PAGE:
List

Herrington, TyAnna.  “Blogging Down: Copyright Law and Blogs in the Classroom.”  in Westbrook, Steve, ed. Composition & Copyright: Perspectives on Teaching, Textmaking, and Fair Use. Albany: State University of New York Press, 2009.

  • H. notes that there  are two reasons why instructors should be concerned with IP & their students: 1) global accessibility of blogs raises the stakes in infringement cases; and 2) student authorship likewise raises IP issues in the composition classroom (154).
  • As H. notes, it is just wonderful that the US Constitutional Copyright Clause is, at its heart, rooted in a policy of education – use, reuse, build, create, and benefit from each other’s intellectual creations (154).
  • H. notes that because students who compose on blogs are creating copyrighted material we must consider IP in our classrooms.  (Of course, a good study in Creative Commons might get us around the legality of a lot of these issues).  (155)
  • Sections of article: 1) statues in law related to IP and student blogs; 2) existing case law and student copyright control; 3) synthesis of discussions related to copyright and blogs; 4) suggestions for composition instructors (155).
  • As you might expect, H. recommends teaching the difference between idea and expression – this binary undergirds copyright law.  She also highlights how the blending of student work and other’s work in student blogs (via video, sound, etc.) creates a rather complex situation.  If not protected under fair use student blog writers could be persecuted for copyright infringement (157).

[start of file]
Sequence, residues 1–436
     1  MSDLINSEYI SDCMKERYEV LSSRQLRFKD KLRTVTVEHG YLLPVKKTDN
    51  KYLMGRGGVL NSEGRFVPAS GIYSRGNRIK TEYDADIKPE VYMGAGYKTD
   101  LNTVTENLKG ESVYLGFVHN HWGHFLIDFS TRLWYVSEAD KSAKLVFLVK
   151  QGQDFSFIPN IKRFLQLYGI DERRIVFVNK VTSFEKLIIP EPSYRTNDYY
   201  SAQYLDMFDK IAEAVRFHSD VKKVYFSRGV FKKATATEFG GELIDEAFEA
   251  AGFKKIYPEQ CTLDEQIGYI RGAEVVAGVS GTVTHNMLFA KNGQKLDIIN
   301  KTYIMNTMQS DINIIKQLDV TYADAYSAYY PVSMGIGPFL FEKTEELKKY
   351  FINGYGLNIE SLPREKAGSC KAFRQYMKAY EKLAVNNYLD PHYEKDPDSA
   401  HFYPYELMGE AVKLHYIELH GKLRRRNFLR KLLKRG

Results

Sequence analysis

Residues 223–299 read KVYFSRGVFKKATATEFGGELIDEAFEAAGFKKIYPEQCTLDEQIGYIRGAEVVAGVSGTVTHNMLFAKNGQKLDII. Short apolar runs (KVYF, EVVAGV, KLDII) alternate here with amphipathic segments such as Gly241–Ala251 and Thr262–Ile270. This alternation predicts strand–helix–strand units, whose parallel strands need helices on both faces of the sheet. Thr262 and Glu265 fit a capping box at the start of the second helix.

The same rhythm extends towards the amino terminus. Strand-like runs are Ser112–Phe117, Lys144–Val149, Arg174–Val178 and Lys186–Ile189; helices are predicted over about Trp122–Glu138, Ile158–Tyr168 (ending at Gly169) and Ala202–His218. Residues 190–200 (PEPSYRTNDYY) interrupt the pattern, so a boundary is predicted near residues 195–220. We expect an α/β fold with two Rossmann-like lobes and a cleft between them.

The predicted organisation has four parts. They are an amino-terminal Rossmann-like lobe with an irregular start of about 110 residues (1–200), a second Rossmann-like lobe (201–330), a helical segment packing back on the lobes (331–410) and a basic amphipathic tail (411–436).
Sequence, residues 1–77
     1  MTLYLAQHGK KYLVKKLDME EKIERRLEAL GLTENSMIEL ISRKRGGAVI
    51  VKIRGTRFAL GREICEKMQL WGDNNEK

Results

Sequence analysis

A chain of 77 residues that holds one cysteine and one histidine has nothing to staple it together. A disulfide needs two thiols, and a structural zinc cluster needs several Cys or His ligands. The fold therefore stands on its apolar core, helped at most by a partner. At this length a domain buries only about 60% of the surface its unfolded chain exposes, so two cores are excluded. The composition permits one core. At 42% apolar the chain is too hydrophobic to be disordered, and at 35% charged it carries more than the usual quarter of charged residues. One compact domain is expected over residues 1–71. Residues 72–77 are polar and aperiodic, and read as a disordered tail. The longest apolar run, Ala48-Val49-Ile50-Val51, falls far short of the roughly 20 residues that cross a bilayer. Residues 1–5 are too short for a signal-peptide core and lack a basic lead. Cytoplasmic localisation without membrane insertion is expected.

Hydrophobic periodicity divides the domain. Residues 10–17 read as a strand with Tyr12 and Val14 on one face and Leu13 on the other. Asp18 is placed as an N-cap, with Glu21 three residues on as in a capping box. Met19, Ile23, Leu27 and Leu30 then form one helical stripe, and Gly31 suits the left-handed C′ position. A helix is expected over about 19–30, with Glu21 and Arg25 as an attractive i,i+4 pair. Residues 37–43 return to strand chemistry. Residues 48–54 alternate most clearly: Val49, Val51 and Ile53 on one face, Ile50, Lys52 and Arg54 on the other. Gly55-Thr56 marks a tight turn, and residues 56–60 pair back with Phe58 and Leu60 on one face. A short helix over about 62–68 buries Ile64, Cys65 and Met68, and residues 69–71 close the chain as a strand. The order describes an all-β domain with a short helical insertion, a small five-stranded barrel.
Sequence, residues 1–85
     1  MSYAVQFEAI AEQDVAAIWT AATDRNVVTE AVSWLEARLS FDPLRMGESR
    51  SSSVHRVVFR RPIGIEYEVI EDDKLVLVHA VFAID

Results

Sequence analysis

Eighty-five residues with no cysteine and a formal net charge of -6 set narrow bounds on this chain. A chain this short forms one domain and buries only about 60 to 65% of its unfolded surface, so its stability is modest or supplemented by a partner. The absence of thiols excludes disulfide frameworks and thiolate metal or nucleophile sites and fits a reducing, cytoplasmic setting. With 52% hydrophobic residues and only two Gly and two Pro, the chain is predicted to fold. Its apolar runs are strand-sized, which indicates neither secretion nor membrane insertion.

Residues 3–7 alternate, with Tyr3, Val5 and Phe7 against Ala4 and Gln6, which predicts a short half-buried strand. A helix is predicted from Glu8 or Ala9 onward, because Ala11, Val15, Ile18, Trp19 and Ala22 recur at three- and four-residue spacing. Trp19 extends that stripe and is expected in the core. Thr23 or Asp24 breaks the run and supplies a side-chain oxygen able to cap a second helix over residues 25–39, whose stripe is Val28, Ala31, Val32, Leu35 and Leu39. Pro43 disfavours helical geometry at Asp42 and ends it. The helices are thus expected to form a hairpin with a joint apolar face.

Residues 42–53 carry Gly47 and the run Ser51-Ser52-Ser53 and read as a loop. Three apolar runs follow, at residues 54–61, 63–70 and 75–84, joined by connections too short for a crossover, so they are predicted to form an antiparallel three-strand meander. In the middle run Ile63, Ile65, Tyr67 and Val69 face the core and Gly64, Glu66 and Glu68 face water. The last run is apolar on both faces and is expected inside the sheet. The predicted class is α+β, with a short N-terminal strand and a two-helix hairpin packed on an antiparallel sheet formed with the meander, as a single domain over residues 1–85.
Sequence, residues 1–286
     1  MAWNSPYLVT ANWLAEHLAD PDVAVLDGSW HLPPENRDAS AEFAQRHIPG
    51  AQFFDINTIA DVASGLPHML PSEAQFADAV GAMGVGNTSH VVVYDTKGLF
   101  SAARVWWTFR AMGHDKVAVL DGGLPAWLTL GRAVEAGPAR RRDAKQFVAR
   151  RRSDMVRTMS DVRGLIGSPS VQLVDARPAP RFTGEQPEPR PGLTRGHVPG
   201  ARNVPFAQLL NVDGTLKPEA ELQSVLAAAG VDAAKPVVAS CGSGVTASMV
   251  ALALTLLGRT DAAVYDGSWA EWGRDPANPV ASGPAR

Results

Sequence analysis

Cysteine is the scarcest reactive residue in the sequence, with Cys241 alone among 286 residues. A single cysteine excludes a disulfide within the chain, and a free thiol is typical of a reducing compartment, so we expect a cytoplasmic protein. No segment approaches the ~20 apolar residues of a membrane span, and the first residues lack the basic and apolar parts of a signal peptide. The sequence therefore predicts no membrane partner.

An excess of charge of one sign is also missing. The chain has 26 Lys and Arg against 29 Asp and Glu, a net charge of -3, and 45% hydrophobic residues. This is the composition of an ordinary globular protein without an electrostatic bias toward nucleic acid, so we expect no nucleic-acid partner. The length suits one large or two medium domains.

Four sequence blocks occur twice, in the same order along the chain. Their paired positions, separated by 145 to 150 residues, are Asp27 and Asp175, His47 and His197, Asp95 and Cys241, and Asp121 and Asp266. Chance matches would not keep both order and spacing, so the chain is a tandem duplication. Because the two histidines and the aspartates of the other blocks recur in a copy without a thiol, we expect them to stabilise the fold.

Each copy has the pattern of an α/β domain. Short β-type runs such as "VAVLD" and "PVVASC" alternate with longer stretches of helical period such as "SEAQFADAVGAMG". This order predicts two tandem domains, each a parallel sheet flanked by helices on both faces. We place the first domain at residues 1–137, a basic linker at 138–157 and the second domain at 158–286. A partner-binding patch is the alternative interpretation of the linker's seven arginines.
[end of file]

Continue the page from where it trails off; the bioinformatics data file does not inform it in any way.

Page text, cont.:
• Herrington considers fair use and work-for-hire before moving on to case law to describe the legality of student generated texts for classroom use.  As H. notes, the nature of a blog as a public piece of writing calls into some question infringement claims; however, the nature of the forum/technology doesn’t dismiss all IP claims (163).
  • H. notes that instructors have a “fiduciary” or heightened duty of care for their students because they are in a position of power through assessment.  As such, it is the special duty of the instructor to inform, educate, and teach their students the possibilities and limitations of blogging publicly on the net (164).  This responsibility also affects the teacher as they textual dissemination or other forms of sharing educational materials can be fraught with infringement liabilities.
  • H. also brings up the ethically difficult problem of public writing in digital spaces in this piece.  The question of whether students should be required to post in public is a real issue that should be confronted with care for the student first and foremost.  Our desires for public pedagogy could be very, very dangerous (165).
  • H. turns to Turnitin.com and other student work databases as examples of the controversial nature of requiring students to give up their IP in order to check for originality and plagiarism (UGH!!) (166).
  • H. identifies the central concern in this article: “Difficulty arises when the traditional classroom setting becomes superseded by a technological construct that allows student work to be placed in locations that are accessible to those outside the classroom (168).  Some of these problems are mitigated by preventing access to the blog with password protections (but this practice is somewhat antithetical as it diminishes the ‘real audience’ that students compose for . . . but do they ever compose for “real” audiences in the typical, non service learning class?).

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